Lead of Science Communication and Director of the Charbonneau Microscopy Facility
Preferred method of communication
Research and teaching
Area of Focus
- Enabling lung cancer prevention by understanding and finding new ways to reduce exposure to radon
- Solving molecular mechanisms of chromatin dynamics during the human cellular response to oxidative
- Studying genetic mutation patterns and variations linked to disease incidence and susceptibility
- (including cancer) in radiation exposed people
Summary of Research
From the moment of our conception, our DNA is subject to damage, the most serious being a break in both strands of the DNA. Unless these breaks are resealed correctly, whole segments of our genome can be lost or permanently mutated to fuel a self-propagating process of volatility that underlies cancer formation, radiation poisoning and/or premature cellular aging. My laboratory operates in a transdisciplinary manner, with ongoing projects in fundamental biology, population health, behavioural science, building science, policy, and atomic physical approaches to novel diagnostics and lab technology development.
Our wet lab science focuses on the study of ionizing radiation in the context of: (1) DNA damage repair in complex chromatin, (2) cellular oxidative stress responses and the role played by chromatin remodelling enzymes, (3) the developing brain of a child undergoing anti-cancer radiation therapy, and (4) the impact of repetitive, low-dose exposure to high linear energy transfer alpha particles emitted by radon gas, which is the leading cause of lung cancer in people who have never smoked. We also collaborate with other teams to use structural and integrative biology approaches to discern how chromatin remodelling enzymes function.
Our dry lab science involves wide-scale radon gas exposure testing and population health analyses that are aimed at understanding how the radiation emitted by radon impacts our bodies, and who may be the most at risk of developing lung cancer following long term radon gas exposure. We are advancing this by studying radon exposure as a function of the urban and rural built environment, how it can be (and is) modified by human behaviour and genetics, as well as the relationship between radon exposure, lung cancer risk and identity (gender, occupation, age, rural versus urban alignment, parental status, and more).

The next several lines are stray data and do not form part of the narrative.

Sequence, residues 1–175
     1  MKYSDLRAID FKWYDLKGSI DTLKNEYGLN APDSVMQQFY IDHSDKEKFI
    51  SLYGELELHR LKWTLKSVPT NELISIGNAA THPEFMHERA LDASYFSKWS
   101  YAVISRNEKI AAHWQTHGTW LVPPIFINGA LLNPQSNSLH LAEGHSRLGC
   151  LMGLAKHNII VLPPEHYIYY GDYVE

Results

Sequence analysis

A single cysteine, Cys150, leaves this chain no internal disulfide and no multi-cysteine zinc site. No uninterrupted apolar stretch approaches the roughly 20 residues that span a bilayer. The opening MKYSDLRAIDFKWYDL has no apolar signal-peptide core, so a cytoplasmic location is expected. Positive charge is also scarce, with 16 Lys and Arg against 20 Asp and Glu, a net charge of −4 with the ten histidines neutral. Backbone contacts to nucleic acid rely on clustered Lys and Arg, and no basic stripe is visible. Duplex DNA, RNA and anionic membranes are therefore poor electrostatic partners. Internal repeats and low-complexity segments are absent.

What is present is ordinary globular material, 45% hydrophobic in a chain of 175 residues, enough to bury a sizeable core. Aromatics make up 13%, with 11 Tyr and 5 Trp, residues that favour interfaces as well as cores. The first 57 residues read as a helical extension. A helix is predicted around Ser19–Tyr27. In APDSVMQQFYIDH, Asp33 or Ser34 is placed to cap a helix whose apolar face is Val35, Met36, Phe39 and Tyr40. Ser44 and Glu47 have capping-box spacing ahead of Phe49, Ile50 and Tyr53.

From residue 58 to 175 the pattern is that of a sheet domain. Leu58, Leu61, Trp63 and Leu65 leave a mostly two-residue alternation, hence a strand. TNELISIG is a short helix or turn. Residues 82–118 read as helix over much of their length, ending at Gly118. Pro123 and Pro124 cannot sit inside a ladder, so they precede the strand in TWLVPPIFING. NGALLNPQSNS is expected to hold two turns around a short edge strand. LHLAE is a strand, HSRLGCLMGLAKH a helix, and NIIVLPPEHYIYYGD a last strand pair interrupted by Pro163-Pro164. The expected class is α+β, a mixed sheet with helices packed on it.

Discoveries in these areas are improving our knowledge of cancer formation, human ageing and radiation protection, and are aimed at reducing the future burden of lung cancer in Canada by developing meaningful, community-based interventions today. To test your home for radon whilst also contributing data to research, please visit www.evictradon.org for more information.
Dr. Goodarzi is the Canada Research Chair for Radiation Exposure Disease, and is both the Science Communication Lead and Microscopy Lead for the University of Calgary’s Charbonneau Cancer Institute. He obtained his PhD from University of Calgary in 2005 and trained as a post-doctoral scholar at the Genome Damage and Stability Centre at the University of Sussex (UK) until 2010.
In 2011, he opened his own laboratory at the University of Calgary’s Cumming School of Medicine. In 2015, he was named one of Calgary's Top 40 Under 40 for achievements in science and education. In 2016 he was made a “Peak Scholar” by University of Calgary President Elizabeth Cannon for his work in knowledge engagement and innovation in the community with regards to radon gas induced cancer. In 2018, he was selected as a TEDx speaker on how citizen based science can transform research.
Dr. Goodarzi is also the founder and leader of Evict Radon, a non-profit group and REB-approved transdisciplinary national study aimed at understanding and engineering out radon gas exposure from the Canadian residential environment, as well as reducing the future incidence of radon-induced lung cancer by encouraging citizens to test for radon and share their findings with cancer researchers.